US & Canada

Father who mistakenly shot son 'devastated'

Visitors arrive at the home of Jeffrey Giuliano in New Fairfield, Connecticut, 28 September 2012
Image caption Visitors arrive at the Giuliano residence on Friday

A teacher who mistakenly shot dead his 15-year-old adopted son has said through a lawyer that his family is "broken in half".

Jeffrey Giuliano opened fire on a masked prowler at his sister's house next door in the Connecticut town of New Fairfield last week.

Police later told him he had killed his adopted son Tyler.

Lawyer Gene Zingaro said Mr Giuliano's family has "literally hundreds of questions as to what Tyler was doing".

"Those questions will probably go unanswered forever," Mr Zingaro said.

State police say they are continuing to investigate the shooting and no charges have been filed.

'Three tragedies'

The family, who have three other children, adopted the 15-year-old and his sister four years ago.

According to the family lawyer, the children's biological father was being sent to prison.

State police said Mr Giuliano was called by his sister at around 01:00 on Thursday (05:00 GMT) when she heard a noise outside her house and believed someone was trying to break in.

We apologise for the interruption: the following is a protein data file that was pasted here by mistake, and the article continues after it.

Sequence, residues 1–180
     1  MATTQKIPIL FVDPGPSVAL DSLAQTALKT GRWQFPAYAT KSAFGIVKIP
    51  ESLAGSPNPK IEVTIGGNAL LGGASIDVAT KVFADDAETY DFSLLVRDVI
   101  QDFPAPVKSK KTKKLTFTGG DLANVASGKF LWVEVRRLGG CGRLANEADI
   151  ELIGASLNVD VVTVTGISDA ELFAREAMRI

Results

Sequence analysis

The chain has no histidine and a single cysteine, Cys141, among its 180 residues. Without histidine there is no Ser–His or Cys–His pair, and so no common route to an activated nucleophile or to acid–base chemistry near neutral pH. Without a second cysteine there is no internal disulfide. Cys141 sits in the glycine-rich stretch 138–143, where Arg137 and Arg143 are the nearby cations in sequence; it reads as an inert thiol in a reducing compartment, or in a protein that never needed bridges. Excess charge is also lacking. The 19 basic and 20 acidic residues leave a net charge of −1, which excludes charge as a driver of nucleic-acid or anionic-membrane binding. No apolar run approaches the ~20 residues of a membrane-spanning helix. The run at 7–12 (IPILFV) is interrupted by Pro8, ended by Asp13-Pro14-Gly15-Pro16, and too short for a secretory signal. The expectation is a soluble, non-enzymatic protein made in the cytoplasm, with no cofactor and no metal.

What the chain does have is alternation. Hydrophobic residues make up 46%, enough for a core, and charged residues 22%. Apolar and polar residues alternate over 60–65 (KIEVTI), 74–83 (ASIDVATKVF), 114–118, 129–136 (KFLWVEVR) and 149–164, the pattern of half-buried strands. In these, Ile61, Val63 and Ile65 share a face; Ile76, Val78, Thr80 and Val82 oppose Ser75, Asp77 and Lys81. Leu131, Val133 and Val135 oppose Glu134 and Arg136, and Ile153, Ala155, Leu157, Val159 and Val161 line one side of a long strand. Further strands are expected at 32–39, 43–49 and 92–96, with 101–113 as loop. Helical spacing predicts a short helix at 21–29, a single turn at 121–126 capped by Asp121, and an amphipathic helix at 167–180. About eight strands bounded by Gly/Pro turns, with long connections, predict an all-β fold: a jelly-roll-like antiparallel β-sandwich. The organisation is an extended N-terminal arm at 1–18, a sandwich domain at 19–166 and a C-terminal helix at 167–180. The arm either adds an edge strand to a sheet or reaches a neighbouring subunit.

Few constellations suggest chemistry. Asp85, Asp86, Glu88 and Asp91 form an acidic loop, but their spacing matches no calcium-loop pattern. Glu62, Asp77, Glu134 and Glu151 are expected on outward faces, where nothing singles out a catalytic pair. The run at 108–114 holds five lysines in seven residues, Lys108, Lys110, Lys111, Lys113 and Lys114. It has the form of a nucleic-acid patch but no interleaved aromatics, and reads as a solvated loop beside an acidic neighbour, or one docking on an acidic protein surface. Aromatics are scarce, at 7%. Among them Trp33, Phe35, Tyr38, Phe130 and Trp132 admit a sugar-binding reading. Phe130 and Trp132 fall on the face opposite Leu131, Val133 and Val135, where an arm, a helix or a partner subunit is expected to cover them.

Armed with a gun, Mr Giuliano confronted a prowler wearing a black balaclava and black clothing.

The science teacher opened fire when the person lunged at him with a knife.

Mr Giuliano and his wife co-operated with police, allowing them to search the home and giving a sworn statement.

"Their family is hurting," said Mr Zingaro. "They've been broken in half by this unspeakable tragedy, which really is three tragedies all in one."

In a statement to parents, schools superintendent Alicia Roy said: "Our district has experienced a tragedy that has affected us deeply."

"Everybody is just shaking their heads over it," New Fairfield First Selectman, the municipal leader, John Hodge told the Danbury News-Times on Thursday. "We're hoping the police can get to the bottom of it."

More on this story

Related Internet links

The BBC is not responsible for the content of external Internet sites